Thursday, May 5, 2016


PHENOMENALITY: *marvelous*

A small biographical note: like other persons of a certain age, I've sometimes attempted to inflict the entertainments of my youth upon younger persons in my immediate family. I've often found, as I'm sure many others have, that some films and TV shows are inextricably dated and simply will not "reach" the youths of later generations.

One might think that the 1965-70 teleseries GET SMART, a broad spoof of the super-spy subgenre, might have gone over the heads of those who would never get the show's many references to the Cold War, President Johnson, and assorted snippets of ethnic humor. But for what it's worth, my experience is that at least some younger members of my family enjoyed the skillful slapstick of this baby-boomer artifact. They may have even enjoyed some of the show's halfway-suspenseful moments, which allowed for some ambivalence about the protagonists' survival, rather than constantly relying on slapstick spy-action. That said, there's no question that Max Smart remains ingrained in the public imagination primarily for the sight of a man talking into his shoe.

But often you "can't go home again," and both of the attempts to revive the quintessentially "sixties" characters and situations of the TV-show are largely painful to watch. Indeed, the only amusement value I found in both the 1980 theatrical film and the 1989 TV-movie was trying to decide which one was worse.

The two films hold one element in common: villains who have really absurd plans to conquer and/or alter the world. In NUDE BOMB, the evil clothes-designer Saint-Sauvage plans to unleash a bomb that destroys only people's clothing, while in AGAIN, there's a KAOS plot to gain control of a weather-manipulation machine, for the purpose of forcing citizens to stay indoors and-- read books? I know intellectually that these premises are not any stupider than some of the ones from the 1960s series. Yet in general the scripters for the series maintained a better faux-serious tone, and by keeping that tone consistent, the "big reveal" of yet another absurd super-weapon became funny by contrast.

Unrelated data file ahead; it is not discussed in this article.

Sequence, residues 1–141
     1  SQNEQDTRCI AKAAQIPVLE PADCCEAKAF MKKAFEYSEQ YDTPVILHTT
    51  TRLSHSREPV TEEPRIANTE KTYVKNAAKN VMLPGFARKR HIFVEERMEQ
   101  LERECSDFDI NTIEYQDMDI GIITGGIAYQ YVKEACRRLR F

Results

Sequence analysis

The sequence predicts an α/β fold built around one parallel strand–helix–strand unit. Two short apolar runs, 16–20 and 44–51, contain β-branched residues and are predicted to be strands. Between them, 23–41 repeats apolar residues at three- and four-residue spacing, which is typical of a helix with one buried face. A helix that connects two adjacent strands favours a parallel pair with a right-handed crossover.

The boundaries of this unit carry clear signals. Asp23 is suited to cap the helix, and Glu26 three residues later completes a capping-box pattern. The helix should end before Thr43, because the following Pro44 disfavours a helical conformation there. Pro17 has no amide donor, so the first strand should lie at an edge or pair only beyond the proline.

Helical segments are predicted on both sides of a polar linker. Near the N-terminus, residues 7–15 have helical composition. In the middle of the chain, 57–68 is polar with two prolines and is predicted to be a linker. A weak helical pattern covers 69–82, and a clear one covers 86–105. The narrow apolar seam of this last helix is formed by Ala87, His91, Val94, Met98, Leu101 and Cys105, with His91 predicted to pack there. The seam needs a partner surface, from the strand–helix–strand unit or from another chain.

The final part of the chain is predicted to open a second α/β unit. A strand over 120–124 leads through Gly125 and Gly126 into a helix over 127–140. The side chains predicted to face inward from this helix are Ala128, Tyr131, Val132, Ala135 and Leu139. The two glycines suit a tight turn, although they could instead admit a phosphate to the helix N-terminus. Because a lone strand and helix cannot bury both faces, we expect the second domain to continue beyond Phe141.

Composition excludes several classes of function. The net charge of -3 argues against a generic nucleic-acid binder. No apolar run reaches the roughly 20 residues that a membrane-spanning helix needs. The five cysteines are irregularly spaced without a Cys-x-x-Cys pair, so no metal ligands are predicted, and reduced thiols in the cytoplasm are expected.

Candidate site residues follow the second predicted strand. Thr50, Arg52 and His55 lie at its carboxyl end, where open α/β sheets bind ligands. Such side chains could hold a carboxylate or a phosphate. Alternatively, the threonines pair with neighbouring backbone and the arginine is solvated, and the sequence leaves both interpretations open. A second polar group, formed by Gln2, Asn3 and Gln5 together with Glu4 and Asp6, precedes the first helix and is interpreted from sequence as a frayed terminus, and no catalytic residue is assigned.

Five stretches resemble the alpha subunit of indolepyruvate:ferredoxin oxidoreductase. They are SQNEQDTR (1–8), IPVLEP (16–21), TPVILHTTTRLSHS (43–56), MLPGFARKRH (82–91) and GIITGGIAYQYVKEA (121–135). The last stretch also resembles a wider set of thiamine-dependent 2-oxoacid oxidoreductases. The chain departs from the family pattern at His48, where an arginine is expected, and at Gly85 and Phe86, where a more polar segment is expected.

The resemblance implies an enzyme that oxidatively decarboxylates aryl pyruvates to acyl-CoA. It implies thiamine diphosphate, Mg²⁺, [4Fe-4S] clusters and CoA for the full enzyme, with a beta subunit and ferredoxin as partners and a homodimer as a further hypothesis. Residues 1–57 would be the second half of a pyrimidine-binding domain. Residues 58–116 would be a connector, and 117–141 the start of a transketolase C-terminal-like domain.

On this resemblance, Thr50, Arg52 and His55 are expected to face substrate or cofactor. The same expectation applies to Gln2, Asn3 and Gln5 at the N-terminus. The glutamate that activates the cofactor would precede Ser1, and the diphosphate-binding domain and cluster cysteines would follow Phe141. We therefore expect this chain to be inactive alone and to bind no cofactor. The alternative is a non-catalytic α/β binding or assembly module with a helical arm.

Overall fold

BOMB and AGAIN both suffer from trying too hard every minute to convince the audience that everything is a million laughs.

NUDE BOMB, arriving in theaters about ten years after the series' conclusion, chose to downplay any connections to the previous continuity. Maxwell Smart still reports to a superior named "the Chief," necessarily played by a different actor due to the demise of the original one; however, for some reason the spy-organization's name changes from CONTROL to PITS. Smart's partner-and-wife Agent 99 is omitted entirely, and Smart is partnered with a new female aide, Agent 22, who's also the new romantic interest (as well as being over 20 years younger than lead actor Don Adams).  Smart's attempt to track down the villainous fashion-designer takes him to assorted exotic locales, and there's some attempt to spoof the James Bond theme by having Smart encounter gorgeous women-- not only the actress playing the female lead, but also Pamela Hensely, Sylvia "Emmanuelle" Kristel, and somewhat "mature" beauty Rhonda Fleming. Given the budget, some of the comical action-sequences are passable, as with a fight-scene at the Fleming-character's chalet involving Adams, Gemser and some KAOS men. On the minus side, Smart's investigations also involve a tedious shootout in a Universal theme park that screams the message: "We the producers are dumping in product placement here, and don't care if you like it or not."